The number of people with neurological and psychiatric disorders in Spanish-speaking countries has increased over the past two decades. The February issue of NeuroRehabilitation assesses important factors that should be considered in rehabilitating Spanish-speaking individuals suffering from these disorders.
"Though much work has been done in this area for Anglo-Saxon populations, very little work has focused on Spanish-speaking individuals," says Guest Editor Juan Carlos Arango-Lasprilla, PhD, of the Department of Physical Medicine and Rehabilitation of Virginia Commonwealth University. "As cultural differences may influence the rehabilitation process, this is an important area of research."
Many individuals with neurological or psychiatric disorders have physical, cognitive, behavioral, and/or emotional difficulties that they and their families must face, resulting in a need for rehabilitative services. However, Spanish-speaking individuals both in the US and abroad have limited access to rehabilitation programs. "In developing countries especially, support groups, individual psychological treatment, cognitive rehabilitation programs, vocational and financial assistance, and caregiver resources are scarce," says Dr. Arango-Lasprilla.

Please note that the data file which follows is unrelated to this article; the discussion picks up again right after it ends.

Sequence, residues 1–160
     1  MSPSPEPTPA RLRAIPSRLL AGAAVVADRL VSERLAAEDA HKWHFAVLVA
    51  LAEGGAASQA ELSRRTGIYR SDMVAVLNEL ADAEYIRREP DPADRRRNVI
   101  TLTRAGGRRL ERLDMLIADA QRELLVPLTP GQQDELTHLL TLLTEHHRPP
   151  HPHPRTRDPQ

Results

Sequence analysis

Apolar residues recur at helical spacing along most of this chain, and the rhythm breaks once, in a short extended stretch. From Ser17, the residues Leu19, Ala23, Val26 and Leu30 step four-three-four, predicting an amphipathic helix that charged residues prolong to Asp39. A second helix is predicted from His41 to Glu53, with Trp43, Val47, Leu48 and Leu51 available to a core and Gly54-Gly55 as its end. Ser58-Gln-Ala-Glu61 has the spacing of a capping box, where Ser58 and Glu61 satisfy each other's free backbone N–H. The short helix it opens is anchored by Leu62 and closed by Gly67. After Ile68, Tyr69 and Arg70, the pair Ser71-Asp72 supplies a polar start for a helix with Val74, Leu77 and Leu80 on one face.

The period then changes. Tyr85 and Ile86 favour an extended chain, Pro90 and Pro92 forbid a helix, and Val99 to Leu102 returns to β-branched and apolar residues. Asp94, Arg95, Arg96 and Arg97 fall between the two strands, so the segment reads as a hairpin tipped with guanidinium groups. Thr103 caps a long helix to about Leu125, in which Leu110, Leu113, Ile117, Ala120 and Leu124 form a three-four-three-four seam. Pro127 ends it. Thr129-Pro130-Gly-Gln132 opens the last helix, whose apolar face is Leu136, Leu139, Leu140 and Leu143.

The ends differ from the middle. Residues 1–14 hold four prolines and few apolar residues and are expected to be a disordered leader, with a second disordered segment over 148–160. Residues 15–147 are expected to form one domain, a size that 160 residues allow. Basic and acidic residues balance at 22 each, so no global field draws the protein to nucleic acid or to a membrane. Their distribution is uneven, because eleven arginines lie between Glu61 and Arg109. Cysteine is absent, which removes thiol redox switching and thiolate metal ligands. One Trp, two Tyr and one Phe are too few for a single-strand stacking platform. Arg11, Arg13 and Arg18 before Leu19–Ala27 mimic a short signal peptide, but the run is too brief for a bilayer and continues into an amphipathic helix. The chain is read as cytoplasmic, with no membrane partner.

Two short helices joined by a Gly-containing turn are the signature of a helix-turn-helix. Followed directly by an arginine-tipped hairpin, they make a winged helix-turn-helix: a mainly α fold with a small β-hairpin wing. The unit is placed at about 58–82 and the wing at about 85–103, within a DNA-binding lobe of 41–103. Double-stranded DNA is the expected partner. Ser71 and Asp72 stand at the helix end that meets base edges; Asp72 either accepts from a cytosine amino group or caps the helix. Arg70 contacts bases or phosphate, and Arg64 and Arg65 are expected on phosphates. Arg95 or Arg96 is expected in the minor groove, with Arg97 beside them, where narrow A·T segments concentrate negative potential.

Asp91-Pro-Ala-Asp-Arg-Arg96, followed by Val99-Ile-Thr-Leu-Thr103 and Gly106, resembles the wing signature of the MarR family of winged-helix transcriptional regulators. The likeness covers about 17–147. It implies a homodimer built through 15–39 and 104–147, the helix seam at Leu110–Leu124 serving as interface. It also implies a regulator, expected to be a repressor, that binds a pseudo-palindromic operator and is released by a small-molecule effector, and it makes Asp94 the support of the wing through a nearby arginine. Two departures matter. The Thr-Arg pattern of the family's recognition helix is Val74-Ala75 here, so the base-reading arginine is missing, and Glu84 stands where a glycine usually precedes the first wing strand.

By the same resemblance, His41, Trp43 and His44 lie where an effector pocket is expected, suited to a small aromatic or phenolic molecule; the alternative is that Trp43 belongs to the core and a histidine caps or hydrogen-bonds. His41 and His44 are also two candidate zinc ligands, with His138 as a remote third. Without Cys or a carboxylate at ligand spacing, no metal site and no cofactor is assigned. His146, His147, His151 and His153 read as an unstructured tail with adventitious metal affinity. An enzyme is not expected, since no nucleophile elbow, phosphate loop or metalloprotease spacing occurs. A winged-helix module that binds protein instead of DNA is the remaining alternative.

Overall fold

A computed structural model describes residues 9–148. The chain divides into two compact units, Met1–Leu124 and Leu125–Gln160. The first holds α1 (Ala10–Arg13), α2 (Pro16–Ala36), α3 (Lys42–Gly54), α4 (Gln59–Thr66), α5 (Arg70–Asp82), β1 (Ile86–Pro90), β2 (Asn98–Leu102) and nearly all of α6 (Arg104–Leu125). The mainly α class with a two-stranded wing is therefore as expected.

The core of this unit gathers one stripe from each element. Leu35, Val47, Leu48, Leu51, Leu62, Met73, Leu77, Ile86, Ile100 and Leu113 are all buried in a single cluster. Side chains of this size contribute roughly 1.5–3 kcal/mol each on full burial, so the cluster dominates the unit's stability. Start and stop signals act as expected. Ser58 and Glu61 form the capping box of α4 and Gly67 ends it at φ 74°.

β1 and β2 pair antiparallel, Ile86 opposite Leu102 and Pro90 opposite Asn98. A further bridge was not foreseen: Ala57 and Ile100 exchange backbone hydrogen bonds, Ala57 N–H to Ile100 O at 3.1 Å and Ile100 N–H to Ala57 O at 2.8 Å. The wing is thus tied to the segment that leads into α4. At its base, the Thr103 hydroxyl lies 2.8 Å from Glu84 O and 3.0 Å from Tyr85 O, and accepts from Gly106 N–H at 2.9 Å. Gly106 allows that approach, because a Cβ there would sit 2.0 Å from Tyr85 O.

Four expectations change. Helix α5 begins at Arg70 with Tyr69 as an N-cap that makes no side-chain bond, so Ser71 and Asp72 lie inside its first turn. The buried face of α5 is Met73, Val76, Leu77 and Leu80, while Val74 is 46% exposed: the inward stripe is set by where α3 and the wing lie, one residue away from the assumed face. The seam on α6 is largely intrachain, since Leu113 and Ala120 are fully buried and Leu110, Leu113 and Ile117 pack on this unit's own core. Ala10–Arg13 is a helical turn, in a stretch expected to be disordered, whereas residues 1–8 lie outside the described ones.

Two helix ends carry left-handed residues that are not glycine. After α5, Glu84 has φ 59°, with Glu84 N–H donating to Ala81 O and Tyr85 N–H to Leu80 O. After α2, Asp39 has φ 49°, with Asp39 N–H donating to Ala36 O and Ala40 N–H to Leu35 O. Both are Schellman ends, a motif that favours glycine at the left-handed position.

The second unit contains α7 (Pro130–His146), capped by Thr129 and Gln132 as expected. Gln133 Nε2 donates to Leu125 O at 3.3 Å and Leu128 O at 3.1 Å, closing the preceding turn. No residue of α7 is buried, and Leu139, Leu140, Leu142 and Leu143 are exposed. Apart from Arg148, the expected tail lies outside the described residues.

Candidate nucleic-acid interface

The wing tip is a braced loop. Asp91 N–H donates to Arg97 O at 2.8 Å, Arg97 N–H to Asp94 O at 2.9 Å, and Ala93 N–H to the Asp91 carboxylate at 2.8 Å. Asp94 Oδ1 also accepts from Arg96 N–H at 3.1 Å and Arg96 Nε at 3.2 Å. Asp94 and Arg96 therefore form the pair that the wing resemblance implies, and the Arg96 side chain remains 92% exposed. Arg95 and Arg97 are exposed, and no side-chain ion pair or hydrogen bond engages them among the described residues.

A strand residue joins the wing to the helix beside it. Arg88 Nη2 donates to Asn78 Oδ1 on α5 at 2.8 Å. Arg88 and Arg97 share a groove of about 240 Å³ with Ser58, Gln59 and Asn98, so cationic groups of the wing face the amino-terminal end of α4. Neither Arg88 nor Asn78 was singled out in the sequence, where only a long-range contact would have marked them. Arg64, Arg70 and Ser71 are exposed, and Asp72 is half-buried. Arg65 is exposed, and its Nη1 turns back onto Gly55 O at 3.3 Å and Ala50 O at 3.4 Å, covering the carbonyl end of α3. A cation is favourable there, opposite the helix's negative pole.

Papers in the topical issue examine the development and evaluation of rehabilitation programs for Spanish-speaking individuals, looking at such important issues as vocational training to improve satisfaction with life for Hispanic patients with traumatic brain injury (TBI); cognitive rehabilitation to improve schizophrenia treatment; the use of the generation effect to improve learning and memory in Spanish-speaking individuals with TBI; a holistic neurorehabilitation program for patients with acquired brain injury; and the influence of family and caregivers on recovery from TBI.
Two studies of particular note examine the predictors of satisfaction with life and employment, which are considered to be two of the most important outcomes associated with successful rehabilitation for individuals with TBI.
"These papers are among the first in the literature to address the unique characteristics of Spanish-speaking individuals with neurologic and psychiatric disabilities. Collectively, the findings provide guidance to clinicians and highlight the need for further research in this area," Dr. Arango-Lasprilla concludes.